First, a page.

Commonly known as the Golden Pavilion, Kinkakuji is one of the top 5 most popular destinations in Japan and is also a UNESCO World Heritage site. There's also plenty of Maple viewing within the Golden Pavilion but is beautiful throughout four seasons. Upon entering you can see a big bell from the Kamakura period, you can ring the bell for good luck. 

The entry ticket to Kinkakuji is also pretty cool, it's a piece of white paper with calligraphy writing on it (I'm holding it in my hand in the 3rd photo below) 

I took around 40 minutes walking around. When I got out, it wasn't even 10am yet, but the crowds were pouring in and there was barely any space to walk. It's good to get to Kinkakuji right at 9am in the morning if you'd like a clear shot of the temple and also some peace and quiet during viewing. 





Osaka 
A quick update of Osaka, I ran into this cute ice-cream and crepe shop on accident in Shinsaibashi shopping arcade. It's called "Econeco", 絵子猫, which means Picture Kitten. (Eh-koh-NehKoh). I'm normally not much of a sweets person, and I rarely post photos of food on Instagram, but this ice-cream was not only so much fun to look at and take photos with, it actually tasted good. I really don't like it when deserts are made of pure sugar. This one was just sweet enough but didn't kill the taste of everything else. 


Another important item on the agenda for Osaka is to see Ayumi Hamasaki's concert! I started learning Japanese through her songs as a teenager and have been a huge fan of her. I've seen her once in Hong Kong, but haven't heard her perform. A lot of people who don't know her criticize her heavily, but little do they know that she's actually fully deaf in one ear and half deaf in another. She's broke the record to most live concerts within a year. The thing about being a performer is, you don't just bank on how high your pitch goes, how long you can hold your notes. A performer is someone who inspires fans, someone who leads the trends, and can change people's perceptions about the world. And this is why, despite her not being so famous outside of Japan, and despite the criticisms from other artists, her fan base hasn't really decreased, her records are still coming out and concerts still selling out. She has her own new years eve countdown live concert in Tokyo's Yoyogi Arena. That's 13,000 people paying concert tickets just to countdown with one performer.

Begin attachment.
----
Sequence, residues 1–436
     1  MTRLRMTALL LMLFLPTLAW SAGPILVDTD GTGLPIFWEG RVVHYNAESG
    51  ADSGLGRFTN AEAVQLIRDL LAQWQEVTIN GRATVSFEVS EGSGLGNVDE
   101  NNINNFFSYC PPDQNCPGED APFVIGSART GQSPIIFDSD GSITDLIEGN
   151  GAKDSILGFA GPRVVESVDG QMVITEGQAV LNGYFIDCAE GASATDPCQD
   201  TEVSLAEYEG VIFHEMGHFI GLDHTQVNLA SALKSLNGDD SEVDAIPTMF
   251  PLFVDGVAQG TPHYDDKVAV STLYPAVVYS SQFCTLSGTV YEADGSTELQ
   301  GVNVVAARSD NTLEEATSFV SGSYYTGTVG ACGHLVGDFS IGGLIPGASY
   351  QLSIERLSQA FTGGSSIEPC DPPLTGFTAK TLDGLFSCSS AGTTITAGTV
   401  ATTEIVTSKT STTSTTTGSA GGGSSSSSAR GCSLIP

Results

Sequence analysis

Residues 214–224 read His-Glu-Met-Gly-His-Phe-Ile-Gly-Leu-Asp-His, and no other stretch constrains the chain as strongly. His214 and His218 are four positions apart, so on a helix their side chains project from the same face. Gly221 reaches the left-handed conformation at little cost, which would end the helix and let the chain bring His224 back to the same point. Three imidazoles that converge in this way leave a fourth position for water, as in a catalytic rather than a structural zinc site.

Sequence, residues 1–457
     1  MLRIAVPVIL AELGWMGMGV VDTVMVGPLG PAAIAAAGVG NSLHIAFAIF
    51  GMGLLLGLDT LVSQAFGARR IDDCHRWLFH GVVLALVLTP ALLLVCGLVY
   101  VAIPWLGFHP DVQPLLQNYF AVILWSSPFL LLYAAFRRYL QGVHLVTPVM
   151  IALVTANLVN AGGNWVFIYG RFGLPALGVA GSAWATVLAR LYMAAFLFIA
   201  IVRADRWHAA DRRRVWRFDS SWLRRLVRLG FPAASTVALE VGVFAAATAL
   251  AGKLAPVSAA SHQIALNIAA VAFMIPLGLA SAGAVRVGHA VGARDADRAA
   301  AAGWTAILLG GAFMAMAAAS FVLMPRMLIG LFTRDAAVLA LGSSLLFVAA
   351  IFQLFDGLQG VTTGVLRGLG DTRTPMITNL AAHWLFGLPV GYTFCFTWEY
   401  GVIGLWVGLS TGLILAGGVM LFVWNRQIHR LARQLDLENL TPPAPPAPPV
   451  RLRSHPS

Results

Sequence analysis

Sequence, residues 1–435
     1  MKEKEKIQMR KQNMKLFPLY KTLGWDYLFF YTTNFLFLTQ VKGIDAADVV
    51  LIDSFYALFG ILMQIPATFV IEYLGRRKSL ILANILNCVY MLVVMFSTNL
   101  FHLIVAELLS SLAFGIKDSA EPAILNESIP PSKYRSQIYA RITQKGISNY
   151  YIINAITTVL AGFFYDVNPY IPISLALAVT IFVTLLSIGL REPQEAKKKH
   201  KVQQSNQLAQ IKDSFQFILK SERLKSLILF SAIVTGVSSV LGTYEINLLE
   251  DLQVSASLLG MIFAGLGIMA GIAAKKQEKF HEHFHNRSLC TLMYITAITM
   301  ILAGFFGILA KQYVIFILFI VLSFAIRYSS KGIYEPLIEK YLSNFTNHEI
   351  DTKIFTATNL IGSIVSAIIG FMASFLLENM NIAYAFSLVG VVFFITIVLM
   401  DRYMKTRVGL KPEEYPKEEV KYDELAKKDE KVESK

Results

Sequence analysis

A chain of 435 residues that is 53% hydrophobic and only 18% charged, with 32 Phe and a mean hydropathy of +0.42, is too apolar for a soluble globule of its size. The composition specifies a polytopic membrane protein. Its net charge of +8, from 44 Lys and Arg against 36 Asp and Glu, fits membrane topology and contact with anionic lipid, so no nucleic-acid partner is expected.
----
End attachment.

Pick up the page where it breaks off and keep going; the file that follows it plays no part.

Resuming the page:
I am so glad to have been able to watch her concert. She's 38 and her hearing is weakening. No one is sure how long her singing career will still last. But she remains hardworking and dedicated to her fans, crew of dancers, singers, and band. 


Last but not least, an early visit to Osaka Castle. It opens at 9am, but most people wander around in the front garden area, take their time with selfies etc. I didn't hesitate when I entered, and ran straight to the back side of the castle for this photo. Here you get the clearest shot with no trees, handicap elevator, vendors, and hoards of people in the way. But of course just minutes after 9am, people started showing up and capturing photos from this spot. It wasn't as brutal as the 5am wake in Arashiyama, but just like Kinkakuji, easily accessible and famous spots fill up quickly. Scout out the day before and know where you are going if you'd like to capture Instagram worthy shots without frustrating the hell out of yourself. 



Next up, it's Christmas! I've spent the past 4 Christmases on beach holidays in Thailand, Capetown, Malaysia/Indonesia, and the South Pacific. This year I'm changing it up a bit, all the way up North to snowy Europe. I'll be stopping in London, Salzburg, Hallstatt, Prague, and back to London for the countdown. 

I was just in London recently in the Summer, with gorgeous weather. I used it as my stop over points to enter Morocco, and also other parts of Europe. If you only have 24 hours to spare in London, what is there to see? Click below to read more:
See you in Europe!












2 comments:

  1. Beautiful! Going to Kyoto and Osaka early next month. Can't wait!

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    1. Saw your photos on Instagram! Glad you enjoyed it :)